Measurement in PR - are we doing enough?

Last week I attended the Measurement and Analytics conference, which looked at tackling the data-deficit in public relations.

While we can be confident that the specter of AVE is fading into the distance, is there still more we could be doing to measure success?

Within the PR industry, we’re all incredibly good at supporting each other; sharing expertise and knowledge, learnings and successes – and of course commiserating when things don’t go quite as well. However, we shouldn’t forget to look outside our own industry and ask honest questions to understand how we are perceived.

David Stevens, Marketing Director at British Land, provided a marketers’ perspective, saying, “The world is full of the unforeseeable, the uncontrollable, but we still measure it. I’m not sure why PR is different?”

David’s comments led me to ponder how many senior marketers – as well as c-suite executives – continue to be frustrated with public relations’ apparent inability to provide credible metrics that offer genuine insight?

David shared his belief that PR professionals are being let down by our industry bodies, pointing out that just two pages of the CIPR’s entire handbook was devoted to measurement, while only one of the 35 courses being run during 2018 will be dedicated to measurement.  

The observation raises an important point; if our professional bodies appear (to the outside world at least) indifferent to measurement and analytics, so does the wider industry and those working within it. Yet, as a Member of the CIPR myself, I know how much time and effort is invested in improving measurement capabilities and best practice within the industry – indeed, it is a central tenet of CIPR President Elect Sarah Hall’s objectives for the coming year, focusing on PR as a management discipline.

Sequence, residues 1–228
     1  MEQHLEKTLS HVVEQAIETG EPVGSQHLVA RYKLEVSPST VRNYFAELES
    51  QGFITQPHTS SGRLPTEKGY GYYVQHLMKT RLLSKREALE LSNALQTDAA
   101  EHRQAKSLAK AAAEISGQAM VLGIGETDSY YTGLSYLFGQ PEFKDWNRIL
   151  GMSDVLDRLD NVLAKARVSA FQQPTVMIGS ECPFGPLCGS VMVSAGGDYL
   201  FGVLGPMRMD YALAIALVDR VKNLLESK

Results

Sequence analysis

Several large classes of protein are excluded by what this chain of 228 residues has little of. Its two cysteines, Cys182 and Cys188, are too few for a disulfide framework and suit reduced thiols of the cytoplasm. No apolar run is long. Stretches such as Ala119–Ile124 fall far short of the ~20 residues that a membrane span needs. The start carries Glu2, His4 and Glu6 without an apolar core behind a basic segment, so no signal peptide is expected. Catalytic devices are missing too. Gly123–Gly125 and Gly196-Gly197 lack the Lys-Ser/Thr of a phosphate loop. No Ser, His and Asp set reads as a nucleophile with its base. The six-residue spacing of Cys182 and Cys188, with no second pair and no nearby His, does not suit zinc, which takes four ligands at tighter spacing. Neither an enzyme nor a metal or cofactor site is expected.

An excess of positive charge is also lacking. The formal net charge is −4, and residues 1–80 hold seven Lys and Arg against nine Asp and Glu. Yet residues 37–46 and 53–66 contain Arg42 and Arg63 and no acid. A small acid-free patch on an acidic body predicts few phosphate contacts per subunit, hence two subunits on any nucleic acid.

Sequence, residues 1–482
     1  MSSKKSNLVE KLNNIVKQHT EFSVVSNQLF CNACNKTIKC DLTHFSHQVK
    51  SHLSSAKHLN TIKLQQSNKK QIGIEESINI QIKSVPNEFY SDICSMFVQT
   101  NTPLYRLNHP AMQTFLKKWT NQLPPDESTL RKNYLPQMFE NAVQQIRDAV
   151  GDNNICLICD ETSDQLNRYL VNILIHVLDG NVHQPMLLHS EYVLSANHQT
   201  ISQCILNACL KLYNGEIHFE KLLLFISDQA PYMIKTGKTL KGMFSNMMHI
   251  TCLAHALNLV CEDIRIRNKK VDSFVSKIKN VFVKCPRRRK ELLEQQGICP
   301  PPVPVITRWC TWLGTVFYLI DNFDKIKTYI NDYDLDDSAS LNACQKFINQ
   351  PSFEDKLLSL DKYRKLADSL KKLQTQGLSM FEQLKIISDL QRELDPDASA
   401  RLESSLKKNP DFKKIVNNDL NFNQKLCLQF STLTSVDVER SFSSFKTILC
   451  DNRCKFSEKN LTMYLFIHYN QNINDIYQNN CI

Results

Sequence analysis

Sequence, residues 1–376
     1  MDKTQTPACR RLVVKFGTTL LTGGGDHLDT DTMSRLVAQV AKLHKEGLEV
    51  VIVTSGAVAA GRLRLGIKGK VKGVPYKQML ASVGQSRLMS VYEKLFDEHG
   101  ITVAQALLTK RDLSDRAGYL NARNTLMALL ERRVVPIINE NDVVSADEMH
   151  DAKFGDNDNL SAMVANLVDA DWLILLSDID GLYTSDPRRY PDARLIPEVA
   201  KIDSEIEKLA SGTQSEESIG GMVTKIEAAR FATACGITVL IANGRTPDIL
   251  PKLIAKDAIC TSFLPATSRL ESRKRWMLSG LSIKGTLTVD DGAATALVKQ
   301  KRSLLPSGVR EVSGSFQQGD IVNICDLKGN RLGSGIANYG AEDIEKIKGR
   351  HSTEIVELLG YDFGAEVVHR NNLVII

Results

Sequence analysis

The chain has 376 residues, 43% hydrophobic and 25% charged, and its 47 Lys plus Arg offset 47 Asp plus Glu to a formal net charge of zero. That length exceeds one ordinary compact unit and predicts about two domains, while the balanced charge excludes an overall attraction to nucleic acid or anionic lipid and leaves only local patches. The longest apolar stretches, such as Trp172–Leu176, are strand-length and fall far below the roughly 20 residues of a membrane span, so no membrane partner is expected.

Alex Aitken, Executive Director for Government Communications touched on this point at the beginning of the conference, advising us to be intellectually curious; this curiosity, he said, will lead to a bigger impact in the boardroom and, ultimately, more success in communications activity. If PR is to earn that long-coveted seat within the c-suite, measurement is vital.

Measurement, he said, can provide proof points to persuade stakeholders of the wisdom of more radical ideas, things that are perhaps a departure from the norm.

Yet, while there’s no doubt that the industry is alive to the opportunity offered by accurate, credible measurement, we must remember that we’re not always in total control of all aspects of a campaign – there will be things we cannot influence – and we may also not have access to all of the necessary information.

Richard Bagnall, Chairman of AMEC, told us to measure only what matters, while highlighting the move away from PR as message-deliverer to conversationalist. Marcus Gault, MD at Kantar, told us not to measure what we can’t influence.

Discussions around the willingness of clients to share necessary data and insights to facilitate effective measurement were illuminating, with varied opinions – if we aren’t in possession of crucial data sets from clients, whether Google Analytics or other measurement tools and methods, we cannot produce robust analytics. Claire Foster, deputy head of news at Direct Line Group, explained that her team, while close-knit and operating very much in an integrated way (and with nine external agencies!) prefers to handle measurement in-house, explaining that she does this to reduce crossover and because "it would seem a little like the agencies are marking their own homework."

While it’s great that the industry has turned its back on AVE, we clearly still have some way to go.

Listening services and monitoring dashboards are nifty but so often just count things – they don’t measure value. The speakers at Thursday’s event were kind enough to share with us some great tools to provide structure to measuring the success of a PR campaign and its value to an organisation.

Alex Aitken shared the GCS Evaluation Framework, to be accessed via the following link:

Richard encouraged us to use the AMEC Framework:

He also pointed out the rather nifty ‘Status People’ tool – simply put in your Twitter handle and find out how many ‘followers’ are fake, inactive and good. Can you believe that 61.5% of Google traffic isn’t even human?

Richard advised us all to check out the Mary Meeker Internet Trends report for background – I’ll certainly be keeping my eyes peeled for the 2018 edition, due in Spring.